When I first started writing about renting privately with a family, I was contacted a few times to give interviews or talk about my experiences. This was the result of my name being out there as someone willing to talk about this subject and the coincidental announcement by Labour of their proposals designed to make life a bit more secure for private renters. I did several of those media things and had my brief moment in the spotlight (!) but there were others which I ended up being dropped from on account of my age.
Generation Rent is really about the young ones, the under 40s who really have had a dreadful time. A number of commentators of a similar age to me have noted that in their early adulthood they made the right decisions in terms of property in spite of themselves and ‘lucked out’. We all acknowledge this rarely happens to those in their 20s and 30s now without a lot of help and there seems to be little hope of that situation changing. Similarly I think it is acknowledged that the Generation Renter is not at fault here. Circumstances beyond their control conspired to make homeowning virtually impossible. However, I haven’t had a whale of a time either but shockingly I am over 40 and about to tip over into the bit where I’m closer to 50. Not Generation Rent but not Generation Safe, I fall somewhere uncomfortably outside the acceptable perimeters. Under 40=it’s not your fault; over 40=hmm, maybe it is..
Actually I think you may find that where the under 40s appear to have little hope, we over that age have a great deal less. Even if I am somehow given the opportunity to buy within my finances, convincing a bank to give me a mortgage could be tricky. I have an expensive family eating into my disposable income, fewer years left to work, statistically a higher probability of getting ill and let’s face it, I’m closer to dying. My earning power might be set to go down rather than up; many of us at this age are in the maintenance stage of our careers where we are just holding on to what we’ve got, not necessarily looking to promotion. Aging, amongst other things, conspiring to make homeowning an impossibility for me.
So the government’s decision to offer their 20% discounted starter homes to under 40s only, reinforced this feeling that I’m being left on the shelf. That’s a significant discount so why is it only available to those under 40? Turns out it was decided that a maximum age needed to be set though no explanation as to why that was the case. The cynic in me wonders if this is because under 40s are more likely to call on their parents to help with deposits and so this policy helps them as much as the prospective homeowner. Perhaps it’s a plain and simple vote catcher. But maybe there is a judgement going on in suggesting that the younger generation are more deserving of help; that we over 40s had our chance and blew it? It feels a bit like that.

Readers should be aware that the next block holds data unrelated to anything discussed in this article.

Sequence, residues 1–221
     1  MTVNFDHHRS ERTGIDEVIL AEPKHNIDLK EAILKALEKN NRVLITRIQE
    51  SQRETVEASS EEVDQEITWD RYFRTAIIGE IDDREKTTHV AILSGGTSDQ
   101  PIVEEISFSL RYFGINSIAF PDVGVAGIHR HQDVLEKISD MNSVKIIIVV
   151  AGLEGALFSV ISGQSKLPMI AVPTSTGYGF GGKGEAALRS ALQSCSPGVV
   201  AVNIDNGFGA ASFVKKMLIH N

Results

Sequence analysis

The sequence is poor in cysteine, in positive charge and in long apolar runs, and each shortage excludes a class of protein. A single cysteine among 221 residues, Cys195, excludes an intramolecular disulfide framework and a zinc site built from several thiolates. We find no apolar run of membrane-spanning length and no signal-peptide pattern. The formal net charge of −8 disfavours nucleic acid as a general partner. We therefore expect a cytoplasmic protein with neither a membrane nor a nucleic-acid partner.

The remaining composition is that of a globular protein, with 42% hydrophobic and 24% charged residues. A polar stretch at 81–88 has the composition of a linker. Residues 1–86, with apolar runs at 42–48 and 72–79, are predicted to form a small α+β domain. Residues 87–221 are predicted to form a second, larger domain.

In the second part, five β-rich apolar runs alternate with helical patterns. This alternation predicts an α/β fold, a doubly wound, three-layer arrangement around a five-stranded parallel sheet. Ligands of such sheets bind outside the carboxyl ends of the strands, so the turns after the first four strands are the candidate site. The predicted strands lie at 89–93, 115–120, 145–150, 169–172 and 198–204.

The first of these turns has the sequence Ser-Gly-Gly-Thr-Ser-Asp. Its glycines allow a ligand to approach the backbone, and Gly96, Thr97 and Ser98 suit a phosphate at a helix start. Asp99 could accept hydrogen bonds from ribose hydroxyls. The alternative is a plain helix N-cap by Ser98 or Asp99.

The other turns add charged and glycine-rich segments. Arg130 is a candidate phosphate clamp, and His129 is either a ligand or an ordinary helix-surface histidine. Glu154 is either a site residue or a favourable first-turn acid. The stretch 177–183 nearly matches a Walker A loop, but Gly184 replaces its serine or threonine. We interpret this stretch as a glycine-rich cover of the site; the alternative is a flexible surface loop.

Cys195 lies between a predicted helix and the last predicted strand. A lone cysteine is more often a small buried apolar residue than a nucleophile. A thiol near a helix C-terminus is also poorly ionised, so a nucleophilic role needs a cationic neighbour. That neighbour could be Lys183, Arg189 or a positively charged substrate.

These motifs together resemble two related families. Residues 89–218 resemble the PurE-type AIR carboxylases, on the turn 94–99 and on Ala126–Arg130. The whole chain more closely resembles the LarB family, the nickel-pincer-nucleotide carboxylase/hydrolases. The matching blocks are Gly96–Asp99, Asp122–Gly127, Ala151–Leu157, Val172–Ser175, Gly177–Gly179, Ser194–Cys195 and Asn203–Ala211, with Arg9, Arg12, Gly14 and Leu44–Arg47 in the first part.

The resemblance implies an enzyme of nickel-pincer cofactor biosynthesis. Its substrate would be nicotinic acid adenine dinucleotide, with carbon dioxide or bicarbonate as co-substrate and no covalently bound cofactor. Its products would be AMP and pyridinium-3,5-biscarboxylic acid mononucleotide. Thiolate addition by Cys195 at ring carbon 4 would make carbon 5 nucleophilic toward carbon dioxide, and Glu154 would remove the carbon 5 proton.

Of course it’s not like the PM is not trying to help. As he reminded us earlier this week, private renters have no need to, for example, feel jealous of the housing association tenants being offered the chance to buy their homes at discounted rates. We are being helped too with shared ownership schemes and Help to Buy all designed to get us onto the property ladder that little bit more easily (albeit not as easily as the discounted starter homes). Hmmm… the problem is, what if you still can’t manage to become a homeowner even with this minimal support?
I expect these initiatives have been a benefit to some. However, there are a whole host of possible reasons why buying, even with the help on offer, might still fail to be an option. And if buying isn’t an option then you are stuck in private renting for the foreseeable future (if you’re lucky since the alternative is homelessness.) I don’t have the figures but I’m guessing that there are a lot of people who just like me, are looking at being a tenant in the PRS for a long, long time. For us, depressingly, it appears no help is being offered to live out our time in this sector with better conditions, more security, stronger rights and more manageable rents-things which would greatly improve our quality of life at this point. Basically, you either get out of private renting and ‘get on’ through having the prerequisite circumstances to allow you to grasp onto these homeowning lifelines or else I’m afraid it looks very much like you’re on your own because making the PRS better for tenants of any age doesn’t seem to be what this government is about.
Feeling my age and feeling very much like I am on my own right now.